West Berkshire schools facing budget deficit crisis
Officers report overspend of nearly £3 million and new cuts to come
Schools across West Berkshire are facing a budget deficit crisis after council officers revealed an overspend of nearly £3m, and outlined a range of cuts to services in an effort to balance the books.
While West Berkshire Council struggles to find its own savings to the tune of £10.8m, the latest forecast for schools funding – paid for independently of council funding – predicts a deficit of £2,919,009 for 2016/17, based on the forthcoming allocation of the dedicated schools grant provided by central government for the three strands of schools funding for the area – schools, early years and higher needs.
This follows revelations last week that the local authority was ranked in the bottom 10 for the proportion of its primary school pupils attending good or better schools.
Speaking at a Schools Forum meeting held at Shaw House on Monday, schools finance manager Claire White said that the funding shortfall was bec-ause of an overspend on the higher needs block, caused by increased pupil numbers.
The head of education, Ian Pearson, said: “By talking to colleagues in neighbouring authorities it appears that every other authority is overspending on its higher needs block so maybe there’s something more national going wrong with the system. This is not an issue that’s unique to West Berkshire and, in part, is compounded by the way that funding flow works.”
There were also warnings that the number of schools in the area facing their own budget crises was growing.
Ms White said: “The picture we are seeing is that more and more schools are struggling to set a balanced budget and that’s a pattern I think we will see more and more in the coming years.”
Officers have outlined a range of services that could be either reduced or removed to curb the looming deficit.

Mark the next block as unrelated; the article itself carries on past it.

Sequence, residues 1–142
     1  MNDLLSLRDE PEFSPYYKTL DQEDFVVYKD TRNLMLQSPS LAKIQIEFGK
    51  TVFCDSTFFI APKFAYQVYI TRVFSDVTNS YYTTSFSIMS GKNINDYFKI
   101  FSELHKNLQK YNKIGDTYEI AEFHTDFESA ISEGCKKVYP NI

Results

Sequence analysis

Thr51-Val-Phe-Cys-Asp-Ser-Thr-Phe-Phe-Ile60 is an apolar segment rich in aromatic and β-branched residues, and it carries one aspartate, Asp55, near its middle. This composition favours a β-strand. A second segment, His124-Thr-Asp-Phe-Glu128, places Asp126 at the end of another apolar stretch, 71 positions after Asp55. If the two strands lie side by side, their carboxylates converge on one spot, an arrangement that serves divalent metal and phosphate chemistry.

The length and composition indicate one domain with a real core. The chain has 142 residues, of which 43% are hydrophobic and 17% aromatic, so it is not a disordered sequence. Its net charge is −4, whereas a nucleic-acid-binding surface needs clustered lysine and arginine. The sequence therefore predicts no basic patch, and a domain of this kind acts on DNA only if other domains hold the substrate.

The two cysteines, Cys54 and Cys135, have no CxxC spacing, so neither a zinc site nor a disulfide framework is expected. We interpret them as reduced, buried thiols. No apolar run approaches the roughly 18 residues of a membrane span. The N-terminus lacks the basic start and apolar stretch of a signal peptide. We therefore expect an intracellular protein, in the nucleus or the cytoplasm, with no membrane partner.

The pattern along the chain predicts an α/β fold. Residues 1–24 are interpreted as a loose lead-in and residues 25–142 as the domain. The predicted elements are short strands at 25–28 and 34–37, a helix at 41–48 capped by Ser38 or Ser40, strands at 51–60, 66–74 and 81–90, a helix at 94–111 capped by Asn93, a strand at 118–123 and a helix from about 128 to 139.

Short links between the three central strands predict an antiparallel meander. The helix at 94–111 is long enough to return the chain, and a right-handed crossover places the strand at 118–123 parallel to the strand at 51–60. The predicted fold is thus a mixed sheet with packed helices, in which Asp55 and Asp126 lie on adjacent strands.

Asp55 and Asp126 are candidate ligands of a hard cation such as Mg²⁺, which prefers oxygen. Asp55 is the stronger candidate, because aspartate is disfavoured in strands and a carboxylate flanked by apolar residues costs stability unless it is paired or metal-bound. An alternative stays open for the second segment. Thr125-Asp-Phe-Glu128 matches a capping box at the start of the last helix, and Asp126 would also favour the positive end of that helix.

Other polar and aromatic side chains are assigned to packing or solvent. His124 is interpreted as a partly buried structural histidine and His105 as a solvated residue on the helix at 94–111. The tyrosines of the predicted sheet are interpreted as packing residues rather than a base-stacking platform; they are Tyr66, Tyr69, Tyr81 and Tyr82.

In the higher needs block, which comprises around two thirds of the shortfall, officers have identified potential savings including home tuition for children and a programme aimed at better integrating autistic children in schools.
Two language and literacy centres at Theale and Winch-ombe schools are under threat as are a range of programmes designed to support children with special needs at mainstream schools and for children with sensory impairment.
Equipment for pupils with special needs, which saw £20,000 slashed from its budget last year, and therapy services for children are also highlighted.
West Berkshire Council spokesperson Martin Duns-combe said: “The Government is unwilling to fund additional places, so while we have more children who need support, our funding to provide doesn’t grow with it.
“In addition, the early years funding we receive is not keeping up with the actual cost of providing that support and this is increasing the pressure on local budgets.”
He added: “There is no doubt that the council faces significant challenges in setting our budget for next year.”
Education chiefs will decide at a Schools Forum meeting in January what measures they will take in order to reduce the deficit.
Ian Pearson warned ahead of the meeting: “It’s going to be a difficult round of decision- making because these are areas that are used by some of the most vulnerable and needy.